The Doctrine of Salvation: Understanding How We Are Saved

The Doctrine of Salvation: Understanding How We Are Saved by Christ Alone


Because we are Christians, we think that salvation is a gift from God that we cannot merit or earn through our own works. The life, death, and resurrection of Jesus Christ make this gift possible. However, there is a lot to learn about the doctrine of salvation. We’ll look at this doctrine’s various facets in this blog post, including its theological underpinnings and real-world applications.

How does salvation work?

Salvation is the action of being rescued or saved. Salvation in the Christian sense means being delivered from sin and death by placing one’s faith in Jesus Christ. According to the Bible, everyone has sinned and falls short of God’s glory (Romans 3:23), and the penalty for sin is death (Romans 6:23). But through His Son, Jesus Christ, God, in His mercy and love, provided a way for us to be saved.

Salvation’s theological basis

The following theological ideas form the foundation of the doctrine of salvation:.


We cannot merit or earn salvation. By God’s grace, He has bestowed it upon us as a gift. According to Ephesians 2:8–9, “For it is by grace you have been saved, through faith–and this not from yourselves, it is the gift of God– not by works, so that no one can boast”.


Faith in Jesus Christ is required for salvation. The statement in John 3:16 that “For God so loved the world that he gave his one and only Son, that whoever believes in him shall not perish but have eternal life”.


Jesus Christ’s substitutionary work has made salvation possible. Jesus paid the price for our sins by dying on the cross, making us right with God and removing the punishment we deserved. According to 1 Peter 2:24, “He himself bore our sins in his body on the tree, so that we might die to sins and live for righteousness; by his wounds you have been healed”.


The resurrection of Jesus Christ provides assurance and completion of salvation. 1 Corinthians 15:17 “And if Christ has not been raised, your faith is futile; you are still in your sins”.


The Doctrine of Salvation: Understanding How We Are Saved by Christ Alone


Salvation’s application in real life

Numerous real-world applications of the doctrine of salvation affect how we as Christians live. Several of them are listed below:


Our eternal destiny is guaranteed to us through salvation. We have reason to be sure that we are saved and that we will one day enter heaven. Romans 8:38–39 states, “For I am convinced that neither death nor life, neither angels nor demons, neither the present nor the future, nor any powers, neither height nor depth, nor anything else in all creation, will be able to separate us from the love of God that is in Christ Jesus our Lord”.


Our lives are transformed as a result of salvation. We are now free to live for God instead of being held captive by sin. 2 Corinthians 5:17 “Therefore, if anyone is in Christ, he is a new creation; the old has gone, the new has come!”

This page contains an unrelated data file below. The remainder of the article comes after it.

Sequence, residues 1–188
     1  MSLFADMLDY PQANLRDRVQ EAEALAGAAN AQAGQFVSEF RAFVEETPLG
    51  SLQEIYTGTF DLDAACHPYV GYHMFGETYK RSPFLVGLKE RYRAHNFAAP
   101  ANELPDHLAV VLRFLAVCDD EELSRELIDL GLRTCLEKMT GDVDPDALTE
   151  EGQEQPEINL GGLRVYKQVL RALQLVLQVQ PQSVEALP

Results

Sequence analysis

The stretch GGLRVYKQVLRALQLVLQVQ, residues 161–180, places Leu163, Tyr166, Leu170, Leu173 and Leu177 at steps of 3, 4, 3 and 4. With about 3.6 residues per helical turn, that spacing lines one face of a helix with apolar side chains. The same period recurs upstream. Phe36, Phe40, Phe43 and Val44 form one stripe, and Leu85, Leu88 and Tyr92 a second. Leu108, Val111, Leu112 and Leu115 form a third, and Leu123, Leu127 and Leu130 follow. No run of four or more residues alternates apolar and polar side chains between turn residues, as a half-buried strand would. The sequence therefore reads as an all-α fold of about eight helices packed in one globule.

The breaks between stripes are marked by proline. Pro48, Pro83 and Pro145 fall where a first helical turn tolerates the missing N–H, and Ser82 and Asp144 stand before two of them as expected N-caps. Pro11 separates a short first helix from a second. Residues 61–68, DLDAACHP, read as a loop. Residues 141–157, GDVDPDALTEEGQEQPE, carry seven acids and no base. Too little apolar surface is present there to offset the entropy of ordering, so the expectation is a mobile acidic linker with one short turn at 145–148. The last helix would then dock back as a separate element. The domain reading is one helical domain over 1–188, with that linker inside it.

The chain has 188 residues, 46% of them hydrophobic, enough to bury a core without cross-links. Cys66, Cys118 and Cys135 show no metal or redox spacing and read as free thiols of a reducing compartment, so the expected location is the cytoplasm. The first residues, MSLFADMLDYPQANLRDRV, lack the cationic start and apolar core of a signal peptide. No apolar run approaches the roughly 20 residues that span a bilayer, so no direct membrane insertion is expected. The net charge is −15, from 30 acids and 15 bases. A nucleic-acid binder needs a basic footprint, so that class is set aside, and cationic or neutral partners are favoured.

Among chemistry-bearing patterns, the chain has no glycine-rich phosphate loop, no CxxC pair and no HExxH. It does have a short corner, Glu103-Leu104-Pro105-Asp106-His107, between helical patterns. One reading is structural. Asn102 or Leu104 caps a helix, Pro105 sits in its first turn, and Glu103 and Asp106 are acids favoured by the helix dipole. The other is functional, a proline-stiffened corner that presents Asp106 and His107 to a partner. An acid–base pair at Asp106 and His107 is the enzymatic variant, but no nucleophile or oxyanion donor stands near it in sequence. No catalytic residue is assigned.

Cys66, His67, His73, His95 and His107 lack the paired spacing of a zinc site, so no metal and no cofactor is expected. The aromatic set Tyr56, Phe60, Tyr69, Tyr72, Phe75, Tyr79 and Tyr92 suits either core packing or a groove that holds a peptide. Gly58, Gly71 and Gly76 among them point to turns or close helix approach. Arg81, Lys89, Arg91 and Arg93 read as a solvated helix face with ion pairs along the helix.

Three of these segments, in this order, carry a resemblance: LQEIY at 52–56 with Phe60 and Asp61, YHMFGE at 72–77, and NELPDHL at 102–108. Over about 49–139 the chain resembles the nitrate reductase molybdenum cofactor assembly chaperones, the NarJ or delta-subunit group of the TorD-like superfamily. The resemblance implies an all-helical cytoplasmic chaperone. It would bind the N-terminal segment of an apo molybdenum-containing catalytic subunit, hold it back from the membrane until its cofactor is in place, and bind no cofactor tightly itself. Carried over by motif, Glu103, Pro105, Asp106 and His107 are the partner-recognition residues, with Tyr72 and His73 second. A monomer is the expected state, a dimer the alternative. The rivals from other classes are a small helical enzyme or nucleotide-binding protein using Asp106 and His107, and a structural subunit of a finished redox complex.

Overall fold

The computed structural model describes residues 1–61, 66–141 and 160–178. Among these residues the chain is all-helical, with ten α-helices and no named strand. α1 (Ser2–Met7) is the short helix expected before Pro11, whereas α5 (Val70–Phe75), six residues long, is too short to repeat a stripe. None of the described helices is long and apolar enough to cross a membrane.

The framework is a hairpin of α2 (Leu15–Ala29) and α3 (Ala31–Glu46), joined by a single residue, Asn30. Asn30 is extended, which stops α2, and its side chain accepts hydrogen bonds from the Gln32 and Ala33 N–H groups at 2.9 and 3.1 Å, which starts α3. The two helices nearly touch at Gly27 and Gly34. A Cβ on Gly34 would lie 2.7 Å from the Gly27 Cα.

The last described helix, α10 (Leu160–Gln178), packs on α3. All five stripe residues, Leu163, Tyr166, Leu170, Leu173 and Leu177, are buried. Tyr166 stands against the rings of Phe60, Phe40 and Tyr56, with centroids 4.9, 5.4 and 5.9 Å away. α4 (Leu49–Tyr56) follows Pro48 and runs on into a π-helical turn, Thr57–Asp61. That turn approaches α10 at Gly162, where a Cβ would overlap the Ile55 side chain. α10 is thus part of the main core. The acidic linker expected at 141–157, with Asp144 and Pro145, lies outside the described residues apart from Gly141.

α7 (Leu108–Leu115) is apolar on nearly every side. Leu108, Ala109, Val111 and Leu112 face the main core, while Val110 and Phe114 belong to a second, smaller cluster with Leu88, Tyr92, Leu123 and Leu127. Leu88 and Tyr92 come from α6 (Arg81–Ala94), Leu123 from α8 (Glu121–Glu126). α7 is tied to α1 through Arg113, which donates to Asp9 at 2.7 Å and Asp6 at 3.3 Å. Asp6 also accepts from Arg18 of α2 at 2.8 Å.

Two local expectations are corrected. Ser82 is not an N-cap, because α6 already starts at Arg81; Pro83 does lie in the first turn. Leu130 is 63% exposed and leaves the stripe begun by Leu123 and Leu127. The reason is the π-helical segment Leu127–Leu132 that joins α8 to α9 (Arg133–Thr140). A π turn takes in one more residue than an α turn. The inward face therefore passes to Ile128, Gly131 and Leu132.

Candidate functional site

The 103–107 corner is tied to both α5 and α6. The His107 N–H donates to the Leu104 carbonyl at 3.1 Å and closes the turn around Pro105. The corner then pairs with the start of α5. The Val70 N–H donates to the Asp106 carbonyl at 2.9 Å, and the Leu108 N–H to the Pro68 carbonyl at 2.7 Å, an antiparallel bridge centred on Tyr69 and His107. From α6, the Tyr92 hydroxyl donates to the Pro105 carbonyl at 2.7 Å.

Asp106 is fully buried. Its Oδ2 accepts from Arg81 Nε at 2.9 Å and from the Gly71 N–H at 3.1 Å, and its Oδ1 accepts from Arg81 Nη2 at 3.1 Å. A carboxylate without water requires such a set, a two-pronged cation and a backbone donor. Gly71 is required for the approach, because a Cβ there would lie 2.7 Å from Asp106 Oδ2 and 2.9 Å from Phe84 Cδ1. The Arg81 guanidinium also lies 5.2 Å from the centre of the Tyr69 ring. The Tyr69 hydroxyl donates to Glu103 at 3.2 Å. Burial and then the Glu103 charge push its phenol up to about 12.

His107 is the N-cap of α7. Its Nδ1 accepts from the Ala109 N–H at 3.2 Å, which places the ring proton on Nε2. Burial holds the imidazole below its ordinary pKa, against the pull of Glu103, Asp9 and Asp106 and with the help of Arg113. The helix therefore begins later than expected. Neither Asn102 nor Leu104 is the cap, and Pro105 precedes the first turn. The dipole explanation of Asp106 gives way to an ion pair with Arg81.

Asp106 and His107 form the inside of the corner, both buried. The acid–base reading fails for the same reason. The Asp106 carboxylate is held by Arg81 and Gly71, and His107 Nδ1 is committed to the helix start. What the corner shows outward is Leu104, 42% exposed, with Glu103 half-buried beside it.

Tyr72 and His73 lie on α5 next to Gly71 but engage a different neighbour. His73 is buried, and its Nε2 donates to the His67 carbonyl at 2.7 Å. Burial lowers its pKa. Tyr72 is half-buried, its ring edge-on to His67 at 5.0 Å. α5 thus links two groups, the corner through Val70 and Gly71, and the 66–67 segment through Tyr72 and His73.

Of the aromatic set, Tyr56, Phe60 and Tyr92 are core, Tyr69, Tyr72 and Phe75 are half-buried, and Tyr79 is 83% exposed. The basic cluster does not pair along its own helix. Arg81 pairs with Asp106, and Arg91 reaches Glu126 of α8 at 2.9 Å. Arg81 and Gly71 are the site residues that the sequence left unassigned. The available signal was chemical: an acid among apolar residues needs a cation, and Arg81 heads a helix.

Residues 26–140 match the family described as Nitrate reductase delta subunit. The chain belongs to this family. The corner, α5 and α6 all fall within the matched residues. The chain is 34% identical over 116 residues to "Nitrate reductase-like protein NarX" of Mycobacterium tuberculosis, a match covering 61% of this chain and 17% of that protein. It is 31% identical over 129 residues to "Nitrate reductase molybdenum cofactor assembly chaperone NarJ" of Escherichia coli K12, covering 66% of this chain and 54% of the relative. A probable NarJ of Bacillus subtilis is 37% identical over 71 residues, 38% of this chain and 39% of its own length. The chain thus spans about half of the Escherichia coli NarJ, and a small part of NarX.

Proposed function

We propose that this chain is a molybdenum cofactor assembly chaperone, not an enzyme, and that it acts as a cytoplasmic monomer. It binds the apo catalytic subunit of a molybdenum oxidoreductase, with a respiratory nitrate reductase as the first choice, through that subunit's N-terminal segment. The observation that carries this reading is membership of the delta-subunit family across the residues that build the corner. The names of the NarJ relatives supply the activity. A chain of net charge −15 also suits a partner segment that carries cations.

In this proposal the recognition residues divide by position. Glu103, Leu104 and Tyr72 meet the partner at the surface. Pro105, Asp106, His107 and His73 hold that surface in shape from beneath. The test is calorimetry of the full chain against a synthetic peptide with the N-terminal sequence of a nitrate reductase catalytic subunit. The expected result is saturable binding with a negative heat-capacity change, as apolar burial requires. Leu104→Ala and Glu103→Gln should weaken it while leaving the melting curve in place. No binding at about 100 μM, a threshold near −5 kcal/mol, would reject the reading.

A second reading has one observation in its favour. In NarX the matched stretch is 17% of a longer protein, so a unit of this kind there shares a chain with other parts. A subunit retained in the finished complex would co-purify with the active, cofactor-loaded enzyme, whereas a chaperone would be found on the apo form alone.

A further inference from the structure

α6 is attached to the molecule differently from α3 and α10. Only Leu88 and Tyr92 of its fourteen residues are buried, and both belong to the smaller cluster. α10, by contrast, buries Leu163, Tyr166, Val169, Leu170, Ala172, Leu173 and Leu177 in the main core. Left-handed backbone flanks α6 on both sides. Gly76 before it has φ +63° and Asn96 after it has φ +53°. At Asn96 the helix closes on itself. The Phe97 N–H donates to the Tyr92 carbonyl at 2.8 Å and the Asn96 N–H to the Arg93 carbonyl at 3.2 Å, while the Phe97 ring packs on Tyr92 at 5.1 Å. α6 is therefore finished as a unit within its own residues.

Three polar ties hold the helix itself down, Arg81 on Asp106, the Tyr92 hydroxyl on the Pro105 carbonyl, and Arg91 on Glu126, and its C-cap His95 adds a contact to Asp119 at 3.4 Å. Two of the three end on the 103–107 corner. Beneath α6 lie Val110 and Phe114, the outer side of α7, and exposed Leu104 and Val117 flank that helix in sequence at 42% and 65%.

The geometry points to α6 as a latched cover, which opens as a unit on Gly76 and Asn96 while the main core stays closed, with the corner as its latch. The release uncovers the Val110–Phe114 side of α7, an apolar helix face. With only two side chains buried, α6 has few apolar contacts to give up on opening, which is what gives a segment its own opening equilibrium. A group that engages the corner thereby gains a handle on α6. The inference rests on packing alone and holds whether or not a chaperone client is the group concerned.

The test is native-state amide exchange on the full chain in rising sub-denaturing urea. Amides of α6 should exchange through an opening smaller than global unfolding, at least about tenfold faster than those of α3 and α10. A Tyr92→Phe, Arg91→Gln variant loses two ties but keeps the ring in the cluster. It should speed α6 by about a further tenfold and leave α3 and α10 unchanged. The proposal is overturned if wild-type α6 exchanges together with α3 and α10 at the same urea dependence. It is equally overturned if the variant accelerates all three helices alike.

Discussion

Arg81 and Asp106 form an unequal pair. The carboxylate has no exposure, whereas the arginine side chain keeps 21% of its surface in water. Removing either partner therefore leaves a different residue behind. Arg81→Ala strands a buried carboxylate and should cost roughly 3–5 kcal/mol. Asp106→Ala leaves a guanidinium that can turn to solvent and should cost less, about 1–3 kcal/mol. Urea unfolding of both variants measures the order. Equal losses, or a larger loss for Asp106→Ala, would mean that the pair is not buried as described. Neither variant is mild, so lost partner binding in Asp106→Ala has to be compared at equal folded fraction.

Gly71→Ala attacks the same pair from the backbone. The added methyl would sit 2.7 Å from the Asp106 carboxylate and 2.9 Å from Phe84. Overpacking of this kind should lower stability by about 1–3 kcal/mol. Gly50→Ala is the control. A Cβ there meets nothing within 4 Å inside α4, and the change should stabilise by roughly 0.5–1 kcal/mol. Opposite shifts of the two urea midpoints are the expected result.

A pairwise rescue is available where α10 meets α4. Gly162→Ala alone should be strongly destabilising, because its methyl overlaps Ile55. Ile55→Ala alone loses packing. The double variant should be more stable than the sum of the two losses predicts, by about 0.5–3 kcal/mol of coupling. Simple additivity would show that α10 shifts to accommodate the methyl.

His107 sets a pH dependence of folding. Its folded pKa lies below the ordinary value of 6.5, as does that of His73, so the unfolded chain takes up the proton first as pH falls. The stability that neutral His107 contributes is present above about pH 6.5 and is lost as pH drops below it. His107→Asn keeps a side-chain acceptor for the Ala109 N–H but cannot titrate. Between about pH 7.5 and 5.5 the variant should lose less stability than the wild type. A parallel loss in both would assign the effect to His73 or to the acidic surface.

Our mission to spread the good news of Jesus to others is made possible by our salvation. Matthew 28:19–20 calls us to make disciples of all nations and to serve as Christ’s ambassadors (2 Corinthians 5:20).


The Doctrine of Salvation: Understanding How We Are Saved by Christ Alone


Salvation’s procedure

Three steps make up the salvation process: justification, sanctification, and glorification.


The first stage of salvation is referred to as justification. Based on the merits of Jesus Christ, it is God’s declaration that the believer is righteous. A believer is declared not guilty because Jesus took the punishment for their sin and bore it on the cross, which is referred to as justification in law. According to Romans 3:28, our justification comes exclusively from our faith in Christ.


Being made holy on a continuing basis is referred to as sanctification. The Holy Spirit transforms believers into the likeness of Christ through their lives. It entails giving up sin each day and living for Christ. In order to become more holy as Christians, we must put off our old selves and put on our new selves (Ephesians 4:22–24).


The last stage of salvation is referred to as glorification. When the believer is made perfect and receives a glorified body, this happens. Our bodies will be changed at the resurrection so that they resemble Christ’s resurrected body (1 Corinthians 15:42–44). Sin, suffering, and death will never again be a part of our lives because we will always be with the Lord.



Central to the Christian faith is the doctrine of salvation. It teaches us that Jesus is the only way to be saved and that we are sinners in need of a Savior. It also serves as a reminder of the three stages of salvation—justification, sanctification, and glorification. We can find solace in the knowledge that we are saved by grace through faith in Jesus Christ and that our salvation is assured in him as we live out our lives as Christians.

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